Click here to read Nadire Mater's personal statement
Last week, Nadire Mater, a reporter with Inter Press Service (IPS), learned that
she had been formally charged with "insulting" the Turkish military-a crime under
Article 159 of the Turkish Penal Code. If convicted, she faces between one and
six years in prison.
The charge stems from the publication of her recent book Mehmed's Book:
Soldiers Who have Fought in the Southeast Speak Out,which was banned by
Turkish authorities in June. The book consists of interviews with 42 retired
Turkish soldiers who had fought in the civil conflict in southeastern Turkey.
In her indictment, dated August 9, 1999, state prosecutors cited some 40 quotes
from former Turkish conscripts as the basis for the charge.
Mater's first court hearing is scheduled to take place on September 29, one day
after U.S. President Bill Clinton's expected meeting with Turkish Prime Minister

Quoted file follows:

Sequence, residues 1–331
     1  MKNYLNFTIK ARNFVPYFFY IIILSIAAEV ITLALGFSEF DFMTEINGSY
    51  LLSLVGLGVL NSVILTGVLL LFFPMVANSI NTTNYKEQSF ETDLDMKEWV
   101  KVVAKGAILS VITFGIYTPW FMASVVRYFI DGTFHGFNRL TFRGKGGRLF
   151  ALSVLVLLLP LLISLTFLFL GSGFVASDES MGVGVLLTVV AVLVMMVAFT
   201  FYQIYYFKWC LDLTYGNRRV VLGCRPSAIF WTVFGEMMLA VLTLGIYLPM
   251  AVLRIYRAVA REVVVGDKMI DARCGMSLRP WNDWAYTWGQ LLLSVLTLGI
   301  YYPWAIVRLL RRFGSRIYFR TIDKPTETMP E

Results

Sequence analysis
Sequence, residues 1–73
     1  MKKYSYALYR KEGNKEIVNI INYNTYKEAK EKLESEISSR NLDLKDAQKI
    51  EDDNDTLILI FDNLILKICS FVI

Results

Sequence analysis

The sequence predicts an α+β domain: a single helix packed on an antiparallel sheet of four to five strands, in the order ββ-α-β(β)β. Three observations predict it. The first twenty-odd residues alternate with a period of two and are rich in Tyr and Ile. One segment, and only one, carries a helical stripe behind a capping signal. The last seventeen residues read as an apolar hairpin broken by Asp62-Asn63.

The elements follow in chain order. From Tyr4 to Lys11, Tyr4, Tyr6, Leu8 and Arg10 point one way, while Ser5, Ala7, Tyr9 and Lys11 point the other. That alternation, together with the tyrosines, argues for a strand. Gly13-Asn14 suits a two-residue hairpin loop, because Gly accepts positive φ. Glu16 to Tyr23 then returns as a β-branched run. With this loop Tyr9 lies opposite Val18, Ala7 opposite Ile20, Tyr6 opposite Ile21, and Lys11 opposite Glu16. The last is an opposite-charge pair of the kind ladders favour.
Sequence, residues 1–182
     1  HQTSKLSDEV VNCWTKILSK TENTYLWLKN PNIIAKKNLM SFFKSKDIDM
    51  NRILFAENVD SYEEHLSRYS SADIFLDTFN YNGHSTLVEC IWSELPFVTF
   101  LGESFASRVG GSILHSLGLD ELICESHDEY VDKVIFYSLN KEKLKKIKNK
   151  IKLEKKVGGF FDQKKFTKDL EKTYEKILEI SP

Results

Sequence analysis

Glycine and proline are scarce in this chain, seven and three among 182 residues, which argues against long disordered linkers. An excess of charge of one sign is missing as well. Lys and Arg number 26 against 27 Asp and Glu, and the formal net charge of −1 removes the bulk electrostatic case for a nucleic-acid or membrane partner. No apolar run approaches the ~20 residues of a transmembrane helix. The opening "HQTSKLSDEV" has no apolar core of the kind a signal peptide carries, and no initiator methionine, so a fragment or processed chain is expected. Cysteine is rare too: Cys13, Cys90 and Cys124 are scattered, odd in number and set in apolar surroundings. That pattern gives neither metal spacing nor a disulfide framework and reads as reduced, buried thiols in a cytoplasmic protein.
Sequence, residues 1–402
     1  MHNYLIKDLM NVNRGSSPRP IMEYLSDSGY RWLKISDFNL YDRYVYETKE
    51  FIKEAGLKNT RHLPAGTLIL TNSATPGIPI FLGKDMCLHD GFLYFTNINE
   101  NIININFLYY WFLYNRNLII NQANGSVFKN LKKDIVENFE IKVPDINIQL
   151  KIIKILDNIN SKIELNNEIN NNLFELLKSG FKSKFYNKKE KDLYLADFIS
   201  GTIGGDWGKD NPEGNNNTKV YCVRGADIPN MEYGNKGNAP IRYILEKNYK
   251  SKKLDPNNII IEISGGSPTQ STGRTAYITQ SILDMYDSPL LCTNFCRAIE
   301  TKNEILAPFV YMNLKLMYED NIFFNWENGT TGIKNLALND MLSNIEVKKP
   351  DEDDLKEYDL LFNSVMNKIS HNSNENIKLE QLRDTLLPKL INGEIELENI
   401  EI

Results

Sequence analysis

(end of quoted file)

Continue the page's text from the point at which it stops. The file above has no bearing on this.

Bulent Ecevit in Washington.
An Istanbul court banned distribution of Mehmed's Book on June 23,
claiming that it had insulted the military. Police confiscated copies from the
book's Istanbul-based publisher, Metis Publishers. Prior to the ban, four
editions of the book had been printed and around 9,000 copies sold.
Mater's recent indictment underscores the shortcomings of the amnesty law
approved by Turkey's parliament on August 18. The law, signed by President
Suleiman Demirel on September 2, suspends court cases or jail terms against
individuals charged or convicted of "crimes" committed through the media for a
period of three years. A number of journalists have already been freed under the
amnesty, and dozens of court cases are expected to be quashed temporarily.
But journalists such as Mater, who have committed "crimes" since the April 23
cutoff date, do not qualify for the amnesty. Moreover, those who do qualify still
face a three year probationary period, meaning that if they commit a similar
"offense" within the three-year period, they will be required to serve their
previous sentence in addition to any new sentence confirmed by the courts.
As long as laws used to prosecute journalists for their published work remain on
the books in Turkey, reporters and editors will remain under threat of
prosecution and possibly imprisonment.